Enhancing Polymer Performance Using a Greener Approach

Waters and TA Instruments technology is utilized by Rowan University to develop materials research with the aim of sustainably using nature’s chemistry to optimize the performance of materials.

Technology: TA Instruments Discovery Analyzer TGA 550, TA Instruments Discovery Hybrid Rheometer (HR-2), Waters Alliance HPLC, TA Instruments Discovery Differential Scanning Calorimeter DSC 2500, TA Instruments Q800 Dynamic Mechanical Analyzer, ACQUITY APC System.

Engineering a Greener Approach to Polymers

Investigations concerning the utilization of renewable feedstocks in place of fossil-based raw materials are receiving increasing interest in modern polymer science from industrial, academic, and government organizations.

Bio-based plastics are being produced to restrict the use of plastics derived from petrochemicals. The creation of (bio)degradable, recyclable, and/or sustainable polymers is a key solution to the unattractive social, environmental, and economic expenses that have been linked to the use of fossil-derived chemicals.

The Henry M. Rowan College of Engineering at Rowan University, residing in Glassboro, New Jersey, has opened its Sustainable Materials Research Laboratory (SMRL).

The laboratory hopes to develop applied and fundamental science and engineering technology regarding materials research.

SMRL utilizes advanced materials analysis technology from Waters to grow understanding of viable bio polymers and polymeric composites, along with discovering applications in product design.


Image 1. South Jersey Technology Park (West Campus) at Rowan University where SMRL resides.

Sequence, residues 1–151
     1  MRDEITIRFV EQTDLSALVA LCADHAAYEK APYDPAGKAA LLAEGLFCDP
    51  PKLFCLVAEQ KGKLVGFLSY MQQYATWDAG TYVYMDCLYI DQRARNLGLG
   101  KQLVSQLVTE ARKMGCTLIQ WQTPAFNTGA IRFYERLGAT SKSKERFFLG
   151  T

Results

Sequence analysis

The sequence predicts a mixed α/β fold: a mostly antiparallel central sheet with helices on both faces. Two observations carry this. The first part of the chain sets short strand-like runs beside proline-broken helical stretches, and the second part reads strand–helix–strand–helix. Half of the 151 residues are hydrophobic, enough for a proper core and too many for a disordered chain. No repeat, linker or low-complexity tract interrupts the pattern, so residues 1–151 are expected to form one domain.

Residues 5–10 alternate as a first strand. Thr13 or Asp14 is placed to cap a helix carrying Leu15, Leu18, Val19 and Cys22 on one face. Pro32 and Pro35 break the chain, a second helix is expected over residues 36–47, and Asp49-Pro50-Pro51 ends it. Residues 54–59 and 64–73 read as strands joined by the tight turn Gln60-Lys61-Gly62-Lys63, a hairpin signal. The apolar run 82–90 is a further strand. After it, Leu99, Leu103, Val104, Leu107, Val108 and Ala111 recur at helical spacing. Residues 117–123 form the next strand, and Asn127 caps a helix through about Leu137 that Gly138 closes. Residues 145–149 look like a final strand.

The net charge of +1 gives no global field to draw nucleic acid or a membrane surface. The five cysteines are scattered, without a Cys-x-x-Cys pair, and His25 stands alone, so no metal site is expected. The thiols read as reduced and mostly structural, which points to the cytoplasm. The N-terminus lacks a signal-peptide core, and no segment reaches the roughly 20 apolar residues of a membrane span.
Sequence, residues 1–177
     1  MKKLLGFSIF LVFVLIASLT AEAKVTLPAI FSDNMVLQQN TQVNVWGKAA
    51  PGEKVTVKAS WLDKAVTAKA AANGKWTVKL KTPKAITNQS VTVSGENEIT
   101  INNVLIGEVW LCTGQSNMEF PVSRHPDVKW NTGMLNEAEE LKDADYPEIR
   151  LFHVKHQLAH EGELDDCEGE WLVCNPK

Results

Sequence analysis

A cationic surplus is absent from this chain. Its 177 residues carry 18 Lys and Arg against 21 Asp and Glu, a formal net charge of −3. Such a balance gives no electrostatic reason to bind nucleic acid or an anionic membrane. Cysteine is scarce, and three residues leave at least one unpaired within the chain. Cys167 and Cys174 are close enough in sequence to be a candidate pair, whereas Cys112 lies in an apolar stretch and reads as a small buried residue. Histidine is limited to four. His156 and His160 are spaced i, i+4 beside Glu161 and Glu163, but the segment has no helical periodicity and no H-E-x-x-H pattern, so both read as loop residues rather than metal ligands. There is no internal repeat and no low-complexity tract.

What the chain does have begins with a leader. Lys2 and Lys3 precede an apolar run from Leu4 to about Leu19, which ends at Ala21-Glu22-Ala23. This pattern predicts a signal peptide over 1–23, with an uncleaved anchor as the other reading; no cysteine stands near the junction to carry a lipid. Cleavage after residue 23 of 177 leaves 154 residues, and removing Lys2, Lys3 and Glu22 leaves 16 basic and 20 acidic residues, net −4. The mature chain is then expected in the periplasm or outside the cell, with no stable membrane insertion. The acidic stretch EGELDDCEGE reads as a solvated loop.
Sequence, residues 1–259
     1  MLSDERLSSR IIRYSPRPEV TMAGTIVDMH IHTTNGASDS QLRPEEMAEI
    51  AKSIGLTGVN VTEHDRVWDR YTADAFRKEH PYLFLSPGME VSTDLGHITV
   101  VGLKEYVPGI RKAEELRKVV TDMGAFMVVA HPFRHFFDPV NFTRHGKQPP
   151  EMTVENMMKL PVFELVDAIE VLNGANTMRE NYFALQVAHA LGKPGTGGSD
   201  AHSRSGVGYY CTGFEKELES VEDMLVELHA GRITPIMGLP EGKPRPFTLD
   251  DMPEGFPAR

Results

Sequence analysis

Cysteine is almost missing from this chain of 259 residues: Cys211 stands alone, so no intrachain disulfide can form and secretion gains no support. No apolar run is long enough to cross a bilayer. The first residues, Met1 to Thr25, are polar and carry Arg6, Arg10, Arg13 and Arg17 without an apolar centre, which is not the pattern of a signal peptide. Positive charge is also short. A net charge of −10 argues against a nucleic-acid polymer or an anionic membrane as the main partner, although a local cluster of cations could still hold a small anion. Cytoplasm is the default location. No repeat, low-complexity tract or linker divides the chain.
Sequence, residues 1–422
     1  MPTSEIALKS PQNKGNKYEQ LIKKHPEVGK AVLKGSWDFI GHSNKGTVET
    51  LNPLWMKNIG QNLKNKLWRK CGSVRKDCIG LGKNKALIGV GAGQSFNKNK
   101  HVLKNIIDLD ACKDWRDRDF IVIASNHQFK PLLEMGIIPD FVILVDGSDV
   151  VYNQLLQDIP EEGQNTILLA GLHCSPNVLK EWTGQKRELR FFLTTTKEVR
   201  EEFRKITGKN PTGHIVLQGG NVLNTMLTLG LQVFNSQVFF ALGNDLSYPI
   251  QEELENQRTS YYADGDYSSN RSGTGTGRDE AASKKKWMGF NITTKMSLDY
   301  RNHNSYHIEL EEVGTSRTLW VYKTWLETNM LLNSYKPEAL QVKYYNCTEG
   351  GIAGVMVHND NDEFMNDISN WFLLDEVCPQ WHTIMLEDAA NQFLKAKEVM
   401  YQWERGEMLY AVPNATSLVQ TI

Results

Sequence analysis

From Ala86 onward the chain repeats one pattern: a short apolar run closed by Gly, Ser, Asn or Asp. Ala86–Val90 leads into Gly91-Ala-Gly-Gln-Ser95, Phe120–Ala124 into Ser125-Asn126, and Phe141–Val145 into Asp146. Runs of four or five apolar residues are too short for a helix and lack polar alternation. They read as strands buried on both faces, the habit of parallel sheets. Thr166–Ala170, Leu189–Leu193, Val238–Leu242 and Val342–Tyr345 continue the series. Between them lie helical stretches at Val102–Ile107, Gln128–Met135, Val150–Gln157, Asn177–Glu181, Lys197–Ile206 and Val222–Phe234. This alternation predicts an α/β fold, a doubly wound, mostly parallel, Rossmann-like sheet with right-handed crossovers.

The associate professor of chemical engineering at Rowan University, Dr. Joseph F. Stanzione, III, manages the SMRL research team that concentrates on the use of building blocks sourced from biomass.

They are used in the development of polymer additives, composites, and polymers for a varied range of applications, such as packaging, therapeutics, energy storage and capture, high-performance composites and polymers, sealants, adhesives, and coatings. 

We have in hand an ever-growing, foundational knowledge base for this work that we see being translatable to the industrial scale thanks to our use of the structure-property relationships approach. And, we are doing just that with our government, academic, and industrial partners. Additionally, our goal in the near future is to transition some of our technology into biomedical applications.  Our technologies have potential applications in the drug delivery field, as well as in developing better prosthetics.

Dr. Joseph F. Stanzione, III, Associate Professor of Chemical Engineering, Rowan University

The work by SMRL could possibly have huge implications for the whole polymer supply chain and any field that uses plastics, which is nearly every industry imaginable.

Dr. Stanzione notes, “It's high-risk, high-reward research. However, it is worth pursuing and the information we gather will help us move forward and promote meaningful and, hopefully, long-lasting, change towards sustainability.

Biomass Building Blocks

In the past, the rising prices of oil-derived chemicals and the depletion of fossil resources have been factors that triggered the reconsideration of plastics manufacturing and usage.

The utilization of petroleum for chemicals, non-fuel use, and plastics at present is roughly around 6%. Scientists predict this consumption to triple by 2050 to around 20%, a significant rise in the amount of oil consumption for these categories of material.